WASHINGTON--For the first time ever, the American Psychiatric Association (APA) is working to establish treatment guidelines for an illness that is primarily medical, but that has psychiatric complications. At the association's annual meeting in Washington, D.C., this week, an APA workgroup will submit the first draft of Practice Guidelines for the Treatment of Persons with HIV Infection and AIDS it plans to publish for national dissemination in 2000.
Over the past 10 years, the APA has published numerous practice guidelines for conditions such as major depression, schizophrenia and Alzheimer's disease, but never for a primarily medical illness. The new guidelines will mark the first national effort to establish the standard of psychiatric care for persons affected by HIV and AIDS.
The workgroup comprises national experts from institutions including Emory University, Brown University, Columbia University, Harvard Medical School, University of Miami School of Medicine, Johns Hopkins University and Georgetown University in the area of clinical management of neuropsychiatric, psychiatric and psychosocial treatment of persons with HIV/AIDS. Stephen McDaniel, M.D., Emory University associate professor of psychiatry and behavioral sciences, chairs the workgroup. Dr. McDaniel is founder and director of mental health services at the Ponce de Leon Center, one of the largest and most comprehensive outpatient HIV treatment facilities in the country, jointly operated by Emory University School of Medicine and Grady Memorial Hospital. Located in midtown Atlanta, the center serves nearly 4,000 patients infected with HIV. In 1995 the APA awarded the center's mental health program its highest award for clinical service delivery, the Gold Achievement Award.
"This is an important move for the APA to endorse practice guidelines for persons with HIV/AIDS," says Dr. McDaniel. "Although the APA has provided national leadership for the past 10 years through its Commission on AIDS, part of the impetus for these guidelines is the realization that few of us have been untouched by HIV/AIDS. Psychiatrists are in a unique role to counsel patients about sexual behaviors and drug use behaviors and can play a significant role in both primary and secondary prevention. Psychiatrists also are in the very best position to treat HIV-related neuropsychiatric complications such as depression, anxiety and dementia.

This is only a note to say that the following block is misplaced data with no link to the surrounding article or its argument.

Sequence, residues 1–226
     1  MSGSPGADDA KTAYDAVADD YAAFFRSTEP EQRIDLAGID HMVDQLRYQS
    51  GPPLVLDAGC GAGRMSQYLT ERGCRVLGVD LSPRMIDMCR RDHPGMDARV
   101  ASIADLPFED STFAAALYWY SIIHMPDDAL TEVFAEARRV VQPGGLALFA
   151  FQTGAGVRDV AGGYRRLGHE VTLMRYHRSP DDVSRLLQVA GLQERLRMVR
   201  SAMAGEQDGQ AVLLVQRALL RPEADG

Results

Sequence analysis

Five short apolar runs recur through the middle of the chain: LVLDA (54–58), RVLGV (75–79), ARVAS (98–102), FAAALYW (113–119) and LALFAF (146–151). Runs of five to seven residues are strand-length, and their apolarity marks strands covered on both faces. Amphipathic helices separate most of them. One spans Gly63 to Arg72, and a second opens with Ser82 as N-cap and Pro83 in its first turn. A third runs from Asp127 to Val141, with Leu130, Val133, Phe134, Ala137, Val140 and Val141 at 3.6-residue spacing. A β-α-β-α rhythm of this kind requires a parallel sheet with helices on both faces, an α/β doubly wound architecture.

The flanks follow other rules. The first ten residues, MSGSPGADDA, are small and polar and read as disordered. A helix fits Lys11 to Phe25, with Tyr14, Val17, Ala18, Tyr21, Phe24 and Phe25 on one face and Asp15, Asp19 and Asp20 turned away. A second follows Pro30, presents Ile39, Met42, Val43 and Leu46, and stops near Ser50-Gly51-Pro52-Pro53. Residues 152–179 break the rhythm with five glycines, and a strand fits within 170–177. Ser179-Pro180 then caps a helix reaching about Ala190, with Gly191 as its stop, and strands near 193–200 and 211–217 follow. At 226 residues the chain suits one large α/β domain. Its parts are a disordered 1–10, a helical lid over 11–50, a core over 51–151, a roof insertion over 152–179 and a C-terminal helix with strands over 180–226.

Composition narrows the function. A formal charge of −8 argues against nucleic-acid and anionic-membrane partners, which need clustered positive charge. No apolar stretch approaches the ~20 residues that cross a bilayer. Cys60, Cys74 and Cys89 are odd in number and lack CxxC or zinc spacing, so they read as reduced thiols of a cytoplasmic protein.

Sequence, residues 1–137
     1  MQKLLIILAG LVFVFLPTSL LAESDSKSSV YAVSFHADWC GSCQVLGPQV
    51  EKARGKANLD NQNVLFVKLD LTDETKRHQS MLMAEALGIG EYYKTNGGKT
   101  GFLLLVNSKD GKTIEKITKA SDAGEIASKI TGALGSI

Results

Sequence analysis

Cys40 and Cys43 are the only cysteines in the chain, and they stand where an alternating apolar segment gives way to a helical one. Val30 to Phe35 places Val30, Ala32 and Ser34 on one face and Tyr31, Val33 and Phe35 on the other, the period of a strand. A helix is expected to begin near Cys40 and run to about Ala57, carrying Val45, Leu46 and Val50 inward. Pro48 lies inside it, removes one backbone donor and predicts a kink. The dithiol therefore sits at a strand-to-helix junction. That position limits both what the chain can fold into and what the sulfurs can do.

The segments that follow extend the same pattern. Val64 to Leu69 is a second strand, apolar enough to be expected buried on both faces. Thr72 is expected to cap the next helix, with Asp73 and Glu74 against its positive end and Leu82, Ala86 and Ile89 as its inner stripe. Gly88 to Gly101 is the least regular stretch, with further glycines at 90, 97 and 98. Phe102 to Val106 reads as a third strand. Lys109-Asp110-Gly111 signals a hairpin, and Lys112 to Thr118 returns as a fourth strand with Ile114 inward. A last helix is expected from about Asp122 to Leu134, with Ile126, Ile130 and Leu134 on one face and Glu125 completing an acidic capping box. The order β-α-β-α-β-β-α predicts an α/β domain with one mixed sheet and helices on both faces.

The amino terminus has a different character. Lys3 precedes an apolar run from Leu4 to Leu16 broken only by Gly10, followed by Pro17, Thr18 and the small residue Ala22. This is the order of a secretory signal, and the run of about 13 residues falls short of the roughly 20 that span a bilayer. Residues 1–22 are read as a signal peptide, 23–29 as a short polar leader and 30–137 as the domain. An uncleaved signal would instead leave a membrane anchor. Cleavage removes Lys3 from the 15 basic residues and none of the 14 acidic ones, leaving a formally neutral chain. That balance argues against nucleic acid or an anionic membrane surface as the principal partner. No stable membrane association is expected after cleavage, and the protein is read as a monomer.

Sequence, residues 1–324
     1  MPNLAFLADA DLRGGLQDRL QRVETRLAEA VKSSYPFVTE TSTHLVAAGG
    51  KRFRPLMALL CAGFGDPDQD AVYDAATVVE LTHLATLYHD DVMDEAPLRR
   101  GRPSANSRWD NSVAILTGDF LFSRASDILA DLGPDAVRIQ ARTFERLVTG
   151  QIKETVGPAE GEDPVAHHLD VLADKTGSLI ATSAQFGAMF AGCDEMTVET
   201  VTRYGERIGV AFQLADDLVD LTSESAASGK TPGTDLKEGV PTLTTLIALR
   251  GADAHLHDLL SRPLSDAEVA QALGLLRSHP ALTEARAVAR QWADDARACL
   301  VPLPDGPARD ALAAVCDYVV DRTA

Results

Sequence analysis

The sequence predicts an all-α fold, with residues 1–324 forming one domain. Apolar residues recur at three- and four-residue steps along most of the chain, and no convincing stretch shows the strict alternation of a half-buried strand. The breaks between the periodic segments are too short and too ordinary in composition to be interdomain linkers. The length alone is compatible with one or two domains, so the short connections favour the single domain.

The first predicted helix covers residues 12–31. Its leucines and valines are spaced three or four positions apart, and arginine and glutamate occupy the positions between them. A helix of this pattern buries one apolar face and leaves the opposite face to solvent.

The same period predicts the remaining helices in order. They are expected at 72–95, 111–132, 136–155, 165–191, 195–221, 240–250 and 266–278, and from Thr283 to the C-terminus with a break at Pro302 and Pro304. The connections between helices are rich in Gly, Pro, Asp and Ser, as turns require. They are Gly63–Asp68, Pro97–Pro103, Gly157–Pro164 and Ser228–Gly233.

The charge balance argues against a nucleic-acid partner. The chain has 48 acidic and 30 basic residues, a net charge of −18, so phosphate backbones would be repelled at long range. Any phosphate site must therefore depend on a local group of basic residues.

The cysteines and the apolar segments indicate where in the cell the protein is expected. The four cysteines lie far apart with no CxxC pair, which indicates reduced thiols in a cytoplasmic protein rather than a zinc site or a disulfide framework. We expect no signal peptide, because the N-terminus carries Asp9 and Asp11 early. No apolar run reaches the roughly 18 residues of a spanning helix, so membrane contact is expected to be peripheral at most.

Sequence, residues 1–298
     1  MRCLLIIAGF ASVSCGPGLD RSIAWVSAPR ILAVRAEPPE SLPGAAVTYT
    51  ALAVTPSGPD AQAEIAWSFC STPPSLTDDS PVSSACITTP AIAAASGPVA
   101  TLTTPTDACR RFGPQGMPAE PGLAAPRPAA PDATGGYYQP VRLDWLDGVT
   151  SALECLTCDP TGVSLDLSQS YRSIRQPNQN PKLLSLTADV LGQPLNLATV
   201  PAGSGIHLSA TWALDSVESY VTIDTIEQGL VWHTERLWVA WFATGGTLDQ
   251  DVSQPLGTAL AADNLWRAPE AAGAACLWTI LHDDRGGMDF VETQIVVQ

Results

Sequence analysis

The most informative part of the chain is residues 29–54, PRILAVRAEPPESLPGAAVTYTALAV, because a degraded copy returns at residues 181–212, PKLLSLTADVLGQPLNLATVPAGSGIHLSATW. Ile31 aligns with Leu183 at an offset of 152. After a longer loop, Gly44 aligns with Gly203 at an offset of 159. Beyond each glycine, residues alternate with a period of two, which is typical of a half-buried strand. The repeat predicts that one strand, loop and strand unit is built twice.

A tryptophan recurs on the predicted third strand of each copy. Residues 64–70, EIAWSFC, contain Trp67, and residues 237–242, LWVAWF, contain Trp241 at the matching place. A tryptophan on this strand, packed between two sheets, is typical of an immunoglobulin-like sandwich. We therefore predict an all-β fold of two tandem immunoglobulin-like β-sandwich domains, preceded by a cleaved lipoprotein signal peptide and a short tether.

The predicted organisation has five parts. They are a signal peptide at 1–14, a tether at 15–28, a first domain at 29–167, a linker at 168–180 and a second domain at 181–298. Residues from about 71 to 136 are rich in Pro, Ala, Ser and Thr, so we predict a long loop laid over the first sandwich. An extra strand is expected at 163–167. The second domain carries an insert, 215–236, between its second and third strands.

"Hopefully, the practice guidelines will further empower psychiatrists to take an even more active role in treating HIV-positive patients and in incorporating aspects of HIV risk behaviors into their assessments and treatment plans, says Dr. McDaniel."
He believes the new recommendations will undoubtedly improve the overall care of persons with HIV by focusing on access to care, treatment adherence, education, prevention and direct mental health services. As HIV-positive individuals live longer lives, the likelihood of a general psychiatrist working with an HIV-positive person is much higher than in the past, he points out.
At the Emory/Grady Ponce de Leon Center, mental health is a basic component of comprehensive patient care. "We try to diminish obstacles such as referring patients outside the system and we try to treat them here as a whole person -- body and mind. We work with patients covering the entire spectrum, including those who have difficult reactions to finding out they are HIV positive, to those struggling with living with HIV infection, to those at the end of life with numerous neuropsychiatric complications.